MEMS deformable mirror(MEMS DM) technology is right now at the point where a high-volume application could propel the devices from being installed in very specialized setups to being a standard component in production equipment. The best avenue to jump this figurative chasm is to find applications where a moderate number of devices is required, but price sensitivity is low. One such application is advanced surveillance systems for unmanned aerial vehicles (UAVs).
The use of a camera on a UAV provides invaluable information in terms of reconnaissance applications and confirming location. In order to improve the imaging capability, an adaptive optics system containing a deformable mirror, high-speed wavefront sensor and control system could be used to remove atmospheric aberrations between the camera and objects of interest. With this in mind, four major issues need to be addressed:
1) Nature of the aberrations
Obtaining high resolution images from a UAV camera is a challenge due to the atmospheric turbulence around the UAV as it flies at high speeds past its target. This turbulence is separated into two categories: turbulent airflow near the camera due to the high speed of the UAV and normal atmospheric variations in temperature in the extended distance beyond the turbulent layer of air. There are no doubt a number of people currently working on this problem (both out in the open and covertly) to increase the usefulness of UAVs. Recent discussion took place at the Photonics West Conference in San Francisco in January of this year as part of the Free-Space Laser Communication Technologies XII and Atmospheric and Oceanic Propagation of Electromagnetic Waves IV tracks (Conferences 7587 and 7588, respectively). Click here and here to see abstracts of the sessions.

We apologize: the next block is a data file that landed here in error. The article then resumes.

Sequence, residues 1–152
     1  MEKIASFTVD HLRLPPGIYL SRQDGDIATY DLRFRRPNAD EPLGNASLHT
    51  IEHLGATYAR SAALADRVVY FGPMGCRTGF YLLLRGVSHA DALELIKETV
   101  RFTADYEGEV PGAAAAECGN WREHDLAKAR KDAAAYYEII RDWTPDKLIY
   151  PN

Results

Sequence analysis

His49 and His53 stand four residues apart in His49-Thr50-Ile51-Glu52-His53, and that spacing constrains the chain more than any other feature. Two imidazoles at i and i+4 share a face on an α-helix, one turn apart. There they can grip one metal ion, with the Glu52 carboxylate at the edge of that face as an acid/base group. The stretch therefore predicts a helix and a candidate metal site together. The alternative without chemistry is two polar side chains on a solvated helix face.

2 and 3) Portability and Low Power
The system would have to be portable and have low-power to even be considered for use. MEMS DMs are capable of both, with individual channel operational power in the microAmps and drive electronics which can fit in the mid- to large-sized UAVs in operation today. Work is in progress at Boston Micromachines to further reduce the size of the electronics through a recently-awarded SBIR to explore multiplexing of MEMS DM drive electronics. (See Press Release here)
4) High Speed
Finally, the device would have to be capable of operating at high speeds. MEMS DMs have been demonstrated to operate at speeds of 60kHz and recent developments at BMC have produced a driver that can operate up to 400kHz.
We look forward to discussions going forward, especially around efforts to model and correct for the aberrations in the optical path, and hope that we can one day make an impact on this challenging field.